• Preservative buffer (see recipe)
  • Biotinylated TIM4‐Fc protein (see protocol 4)
  • 10K supernatant (see protocol 1)
  • 10× binding enhancer (see recipe)
  • Fluorescent anti‐EV marker antibody (e.g., FITC‐conjugated anti‐CD63)
  • 1.5‐ml low‐adsorption microcentrifuge tube
  • Magnetic stand (e.g., Promega, Thermo Fisher Scientific, Bio‐Rad)
  • Rotator (e.g., Taitec)
  • Flow cytometer
GO TO THE FULL PROTOCOL:
PDF or HTML at Wiley Online Library

Figures

Videos

Literature Cited

Literature Cited
  Becker, A., Thakur, B. K., Weiss, J. M., Kim, H. S., Peinado, H., & Lyden, D. (2016). Extracellular vesicles in cancer: Cell‐to‐cell mediators of metastasis. Cancer Cell, 30, 836–848. doi: 10.1016/j.ccell.2016.10.009.
  Clayton, A., Court, J., Navabi, H., Adams, M., Mason, M. D., Hobot, J. A., … Jasani, B. (2001). Analysis of antigen presenting cell derived exosomes, based on immuno‐magnetic isolation and flow cytometry. Journal of Immunological Methods, 247, 163–174. doi: 10.1016/S0022‐1759(00)00321‐5.
  Colombo, M., Raposo, G., & Thery, C. (2014). Biogenesis, secretion, and intercellular interactions of exosomes and other extracellular vesicles. Annual Review of Cell and Developmental Biology, 30, 255–289. doi: 10.1146/annurev‐cellbio‐101512‐122326.
  Gallagher, S. R. (2007). One‐dimensional SDS gel electrophoresis of proteins. Current Protocols in Cell Biology, 37, 6.1.1–6.1.38.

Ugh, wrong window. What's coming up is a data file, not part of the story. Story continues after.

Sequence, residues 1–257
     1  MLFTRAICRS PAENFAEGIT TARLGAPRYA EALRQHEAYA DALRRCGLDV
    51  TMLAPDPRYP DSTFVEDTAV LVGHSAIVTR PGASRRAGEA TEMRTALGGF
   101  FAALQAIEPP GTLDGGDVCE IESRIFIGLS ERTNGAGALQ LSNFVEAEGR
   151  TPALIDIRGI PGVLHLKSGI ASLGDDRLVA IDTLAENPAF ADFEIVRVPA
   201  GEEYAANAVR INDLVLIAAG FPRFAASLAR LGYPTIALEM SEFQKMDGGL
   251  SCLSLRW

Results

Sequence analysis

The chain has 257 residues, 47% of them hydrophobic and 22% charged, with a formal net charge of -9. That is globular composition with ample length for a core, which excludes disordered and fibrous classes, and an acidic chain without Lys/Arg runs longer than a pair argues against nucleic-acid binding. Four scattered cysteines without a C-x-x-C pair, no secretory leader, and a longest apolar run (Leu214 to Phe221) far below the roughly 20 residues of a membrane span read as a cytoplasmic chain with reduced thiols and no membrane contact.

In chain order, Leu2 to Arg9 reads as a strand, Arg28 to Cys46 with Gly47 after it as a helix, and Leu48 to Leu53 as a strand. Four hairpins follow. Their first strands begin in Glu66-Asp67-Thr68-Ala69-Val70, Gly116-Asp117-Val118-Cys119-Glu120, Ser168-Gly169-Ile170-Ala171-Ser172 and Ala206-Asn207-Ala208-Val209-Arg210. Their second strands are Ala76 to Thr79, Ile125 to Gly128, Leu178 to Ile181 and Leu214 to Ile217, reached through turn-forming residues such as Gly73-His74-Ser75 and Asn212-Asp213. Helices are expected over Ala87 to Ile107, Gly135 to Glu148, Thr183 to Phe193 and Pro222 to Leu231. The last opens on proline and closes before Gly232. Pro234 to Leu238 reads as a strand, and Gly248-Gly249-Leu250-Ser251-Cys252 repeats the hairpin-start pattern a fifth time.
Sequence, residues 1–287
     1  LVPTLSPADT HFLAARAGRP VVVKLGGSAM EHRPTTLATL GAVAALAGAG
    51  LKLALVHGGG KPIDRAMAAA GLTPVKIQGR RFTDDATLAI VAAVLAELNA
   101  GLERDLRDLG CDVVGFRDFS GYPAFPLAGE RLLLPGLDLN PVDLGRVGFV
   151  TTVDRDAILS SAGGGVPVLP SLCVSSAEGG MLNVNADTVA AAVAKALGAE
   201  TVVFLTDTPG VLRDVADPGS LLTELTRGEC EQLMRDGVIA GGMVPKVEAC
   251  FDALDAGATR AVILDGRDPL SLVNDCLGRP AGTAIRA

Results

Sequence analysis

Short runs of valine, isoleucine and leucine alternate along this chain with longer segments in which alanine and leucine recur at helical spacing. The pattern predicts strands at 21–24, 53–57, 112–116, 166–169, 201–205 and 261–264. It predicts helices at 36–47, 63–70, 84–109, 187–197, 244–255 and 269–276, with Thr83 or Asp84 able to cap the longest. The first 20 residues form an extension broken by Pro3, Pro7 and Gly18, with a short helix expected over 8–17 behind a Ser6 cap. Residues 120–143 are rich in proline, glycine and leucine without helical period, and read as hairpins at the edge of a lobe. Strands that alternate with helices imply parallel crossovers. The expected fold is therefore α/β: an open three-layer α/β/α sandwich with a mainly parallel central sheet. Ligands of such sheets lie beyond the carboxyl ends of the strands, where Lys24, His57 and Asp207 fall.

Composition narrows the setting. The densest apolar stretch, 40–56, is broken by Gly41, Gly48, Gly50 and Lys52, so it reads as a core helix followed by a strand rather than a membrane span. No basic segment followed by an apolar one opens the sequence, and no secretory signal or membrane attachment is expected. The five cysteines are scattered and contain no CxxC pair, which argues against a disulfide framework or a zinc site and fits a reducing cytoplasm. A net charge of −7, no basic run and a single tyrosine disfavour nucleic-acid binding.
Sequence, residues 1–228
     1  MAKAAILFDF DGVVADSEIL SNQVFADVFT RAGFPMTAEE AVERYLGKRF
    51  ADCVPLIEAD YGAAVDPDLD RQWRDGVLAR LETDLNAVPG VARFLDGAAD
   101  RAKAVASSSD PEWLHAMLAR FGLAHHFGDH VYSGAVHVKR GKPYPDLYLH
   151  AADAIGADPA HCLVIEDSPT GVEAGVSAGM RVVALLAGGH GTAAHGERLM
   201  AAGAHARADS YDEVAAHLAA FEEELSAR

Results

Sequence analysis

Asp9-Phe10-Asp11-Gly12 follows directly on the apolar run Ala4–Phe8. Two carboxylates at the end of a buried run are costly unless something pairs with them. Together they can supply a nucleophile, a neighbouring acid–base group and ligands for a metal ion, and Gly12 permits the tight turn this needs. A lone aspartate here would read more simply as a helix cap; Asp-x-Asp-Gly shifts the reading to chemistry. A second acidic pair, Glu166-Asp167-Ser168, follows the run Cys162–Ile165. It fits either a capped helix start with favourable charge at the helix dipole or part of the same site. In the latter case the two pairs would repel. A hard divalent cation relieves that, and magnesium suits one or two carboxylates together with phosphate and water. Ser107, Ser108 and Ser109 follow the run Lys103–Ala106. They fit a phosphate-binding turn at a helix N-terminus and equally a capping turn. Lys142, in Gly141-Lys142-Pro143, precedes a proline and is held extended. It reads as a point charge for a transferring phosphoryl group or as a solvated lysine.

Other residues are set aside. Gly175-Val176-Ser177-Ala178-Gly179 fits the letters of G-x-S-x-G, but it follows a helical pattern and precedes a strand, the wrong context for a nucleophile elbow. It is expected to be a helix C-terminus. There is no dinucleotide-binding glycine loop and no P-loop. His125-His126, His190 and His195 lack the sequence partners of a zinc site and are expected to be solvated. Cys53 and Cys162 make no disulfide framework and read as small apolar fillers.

Kramer‐Albers, E. M., & Hill, A. F. (2016). Extracellular vesicles: Interneural shuttles of complex messages. Current Opinion in Neurobiology, 39, 101–107. doi: 10.1016/j.conb.2016.04.016.
  Miyanishi, M., Tada, K., Koike, M., Uchiyama, Y., Kitamura, T., & Nagata, S. (2007). Identification of Tim4 as a phosphatidylserine receptor. Nature, 450, 435–439. doi: 10.1038/nature06307.
  Nakai, W., Yoshida, T., Diez, D., Miyatake, Y., Nishibu, T., Imawaka, N., … Hanayama, R. (2016). A novel affinity‐based method for the isolation of highly purified extracellular vesicles. Scientific Reports, 6, 33935. doi: 10.1038/srep33935.
  Ni, D., Xu, P., & Gallagher, S. (2017). Immunoblotting and immunodetection. Current Protocols in Cell Biology, 74, 6.2.1‐6.2.37. doi: 10.1002/cpcb.18.
  Rider, M. A., Hurwitz, S. N., & Meckes, D. G., Jr. (2016). ExtraPEG: A polyethylene glycol‐based method for enrichment of extracellular vesicles. Scientific Reports, 6, 23978. doi: 10.1038/srep23978.
  Robbins, P. D., & Morelli, A. E. (2014). Regulation of immune responses by extracellular vesicles. Nature Reviews Immunology, 14, 195–208. doi: 10.1038/nri3622.
  Thery, C., Amigorena, S., Raposo, G., & Clayton, A. (2006). Isolation and characterization of exosomes from cell culture supernatants and biological fluids. Current Protocols in Cell Biology, 30, 3.22.1‐3.22.29. doi: 10.1002/0471143030.cb0322s30.
  Tkach, M., & Thery, C. (2016). Communication by extracellular vesicles: Where we are and where we need to go. Cell, 164, 1226–1232. doi: 10.1016/j.cell.2016.01.043.
  Trajkovic, K., Hsu, C., Chiantia, S., Rajendran, L., Wenzel, D., Wieland, F., … Simons, M. (2008). Ceramide triggers budding of exosome vesicles into multivesicular endosomes. Science, 319, 1244–1247. doi: 10.1126/science.1153124.
GO TO THE FULL PROTOCOL:
PDF or HTML at Wiley Online Library